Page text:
How we filtered 9 vendors out of 100 for the Community Platform Wave

Research is always challenging, I’m required to stay objective, follow a consistent methodology, and inform the market who is strong and who’s not. Believe me, I’ve gotten my share of angry calls, emails, blogposts, comments, and conversations with brands and vendors as a result of my reports. I’ve found that one thing that really helps everyone to understand is to be open and transparent about the process.

In every Wave, like the Community Platform Wave I recently published, there are vendors that are elated and those that are disappointed, this is a normal outcome of reports that make the tough decisions to help brands make decisions. I’m empathetic to some of the vendors who were not in the Wave and want to make some clear explinations as they have to answer their colleagues, customers, and investors.

To start with, in a market of now 100 vendors, it’s very important that vendors take the onus to respond to the call for submission to the Vendor Product Catalog (free after registration). We used this information to filter out which vendors would be appropriate for the Wave report. I made a few public calls on my blog, twitter, indicating my intent as a result over 50 vendors submitted. We generally do not follow up unless we’ve heard client demand from inquiry calls, and I turned to 3 analyst peers for their inclusion of any additional vendors.

You can understand the challenges in filtering a large market to just a few vendors, given the amount of hours required to spend on each vendor, Forrester limits the number of candidates involved in the Wave, for this one, nine was a manageable size and we capped it at that number.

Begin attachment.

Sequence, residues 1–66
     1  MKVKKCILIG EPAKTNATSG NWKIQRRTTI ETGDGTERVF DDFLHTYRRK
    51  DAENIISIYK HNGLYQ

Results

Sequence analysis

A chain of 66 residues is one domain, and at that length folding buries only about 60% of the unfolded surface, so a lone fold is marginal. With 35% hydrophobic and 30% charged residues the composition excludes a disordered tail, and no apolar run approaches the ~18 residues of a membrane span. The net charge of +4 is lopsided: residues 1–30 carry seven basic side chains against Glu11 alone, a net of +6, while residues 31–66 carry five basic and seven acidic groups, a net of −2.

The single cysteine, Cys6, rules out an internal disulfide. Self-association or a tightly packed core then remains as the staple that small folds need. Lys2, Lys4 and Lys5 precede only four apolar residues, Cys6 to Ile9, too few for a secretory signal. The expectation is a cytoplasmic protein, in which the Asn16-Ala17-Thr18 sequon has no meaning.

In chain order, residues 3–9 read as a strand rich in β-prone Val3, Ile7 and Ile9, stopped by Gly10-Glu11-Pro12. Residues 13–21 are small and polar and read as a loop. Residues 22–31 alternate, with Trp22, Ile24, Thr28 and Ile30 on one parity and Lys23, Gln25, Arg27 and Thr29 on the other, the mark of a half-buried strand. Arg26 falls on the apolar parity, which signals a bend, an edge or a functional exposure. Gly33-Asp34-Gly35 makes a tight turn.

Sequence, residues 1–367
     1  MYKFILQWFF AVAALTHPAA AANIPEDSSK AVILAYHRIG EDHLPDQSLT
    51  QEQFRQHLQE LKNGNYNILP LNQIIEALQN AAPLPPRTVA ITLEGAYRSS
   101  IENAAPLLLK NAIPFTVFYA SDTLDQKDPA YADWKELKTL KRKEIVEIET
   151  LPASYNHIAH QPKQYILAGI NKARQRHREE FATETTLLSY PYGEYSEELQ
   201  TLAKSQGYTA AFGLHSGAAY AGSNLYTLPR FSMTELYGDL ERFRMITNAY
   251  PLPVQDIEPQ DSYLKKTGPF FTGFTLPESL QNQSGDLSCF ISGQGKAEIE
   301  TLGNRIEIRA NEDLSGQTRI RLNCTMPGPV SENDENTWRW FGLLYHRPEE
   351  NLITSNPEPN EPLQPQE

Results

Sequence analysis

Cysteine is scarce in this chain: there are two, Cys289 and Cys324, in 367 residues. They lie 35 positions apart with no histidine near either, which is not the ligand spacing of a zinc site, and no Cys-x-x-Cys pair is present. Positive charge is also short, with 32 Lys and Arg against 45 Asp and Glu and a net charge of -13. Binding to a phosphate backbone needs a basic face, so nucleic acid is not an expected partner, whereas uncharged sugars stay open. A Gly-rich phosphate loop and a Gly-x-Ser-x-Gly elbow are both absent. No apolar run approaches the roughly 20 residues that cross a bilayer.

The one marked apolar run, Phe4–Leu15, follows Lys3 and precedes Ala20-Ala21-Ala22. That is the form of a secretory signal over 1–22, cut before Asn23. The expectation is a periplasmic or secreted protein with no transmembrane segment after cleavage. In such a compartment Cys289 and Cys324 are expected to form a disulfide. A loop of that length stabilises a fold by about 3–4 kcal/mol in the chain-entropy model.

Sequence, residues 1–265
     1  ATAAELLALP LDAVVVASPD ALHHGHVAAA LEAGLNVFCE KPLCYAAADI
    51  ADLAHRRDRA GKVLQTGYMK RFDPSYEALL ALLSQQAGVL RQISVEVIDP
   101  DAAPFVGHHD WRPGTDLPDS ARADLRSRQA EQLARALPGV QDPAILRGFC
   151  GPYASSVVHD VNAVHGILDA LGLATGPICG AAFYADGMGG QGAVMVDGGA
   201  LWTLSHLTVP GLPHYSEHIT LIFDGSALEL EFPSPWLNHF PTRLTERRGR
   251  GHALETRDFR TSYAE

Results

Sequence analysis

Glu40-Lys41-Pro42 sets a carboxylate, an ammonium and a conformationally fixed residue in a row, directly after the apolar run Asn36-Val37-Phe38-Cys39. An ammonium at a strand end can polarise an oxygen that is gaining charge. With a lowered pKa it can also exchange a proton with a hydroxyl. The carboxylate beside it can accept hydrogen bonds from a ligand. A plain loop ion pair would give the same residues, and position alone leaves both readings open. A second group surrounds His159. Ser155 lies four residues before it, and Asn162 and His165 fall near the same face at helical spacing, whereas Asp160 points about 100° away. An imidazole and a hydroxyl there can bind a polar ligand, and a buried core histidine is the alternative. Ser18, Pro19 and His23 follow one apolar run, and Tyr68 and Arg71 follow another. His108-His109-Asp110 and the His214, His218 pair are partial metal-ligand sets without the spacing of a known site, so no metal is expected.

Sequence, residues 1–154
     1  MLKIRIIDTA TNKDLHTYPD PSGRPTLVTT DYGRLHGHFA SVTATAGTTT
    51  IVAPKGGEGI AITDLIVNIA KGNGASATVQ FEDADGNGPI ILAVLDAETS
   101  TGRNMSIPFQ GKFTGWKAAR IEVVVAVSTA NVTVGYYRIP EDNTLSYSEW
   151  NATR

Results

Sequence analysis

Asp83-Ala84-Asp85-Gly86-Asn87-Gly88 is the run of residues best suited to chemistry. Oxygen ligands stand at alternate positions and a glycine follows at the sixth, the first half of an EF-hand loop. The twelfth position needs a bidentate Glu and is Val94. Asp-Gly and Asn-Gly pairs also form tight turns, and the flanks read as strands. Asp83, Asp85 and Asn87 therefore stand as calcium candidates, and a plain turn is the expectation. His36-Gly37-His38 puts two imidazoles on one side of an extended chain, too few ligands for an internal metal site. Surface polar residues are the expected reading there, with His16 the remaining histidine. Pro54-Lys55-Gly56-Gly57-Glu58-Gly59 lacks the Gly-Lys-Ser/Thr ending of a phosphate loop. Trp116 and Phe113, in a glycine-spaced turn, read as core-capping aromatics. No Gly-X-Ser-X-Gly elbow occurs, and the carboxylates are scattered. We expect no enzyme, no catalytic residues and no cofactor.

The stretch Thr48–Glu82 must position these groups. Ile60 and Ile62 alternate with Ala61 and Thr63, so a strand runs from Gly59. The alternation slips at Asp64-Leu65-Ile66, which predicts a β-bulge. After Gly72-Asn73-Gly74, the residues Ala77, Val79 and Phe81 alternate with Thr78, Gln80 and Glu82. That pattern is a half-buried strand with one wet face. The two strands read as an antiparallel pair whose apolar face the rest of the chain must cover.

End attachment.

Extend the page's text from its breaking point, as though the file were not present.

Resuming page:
Next, we filtered vendors to meet the needs of external communities used for customers (I serve the Interactive Marketer) as well as vendors were primarily serving enterprise class companies.

Some vendors chose not to participate as being involved in a research report takes time of the vendors and perhaps precious time away from clients. Vendors have to participate in meetings, plan travel to meet me in lab, and be involved in several communications throughout the process. In fact, a multi billion dollar company who owns a community platform chose not to participate despite my offer.

I’m required to be objective, without this, I lose credibility and then everything else will fall apart. Several vendors who are in the community space who are Forrester clients were not included in the Wave, in fact, some were livid and gave me an loud earful and I actually suspect they may leave us as a client. Despite this, I’m supported by my management, and our CEO to stay objective.

Now for the good news, while there is no immediate plans, Forrester is known for updating Wave’s in the space after a few years. Secondly, if you’re in this space, you know I publish a weekly digest giving updates to buyers about what’s happening in the market. I know for a fact the digest is read by senior decision makers at large corporations. If you are a vendor in this space, you can schedule a briefing with me and we can discuss your situation, I speak to clients, press, and media frequently and will always match market needs with vendors as deemed appropriate.

I believe in the open conversation, and will support the right for every vendor and customer to voice an opinion. I hope this helps provide insight to why some vendors did –and did not make the Wave, we tried every effort to be fair in our first report in a very large market.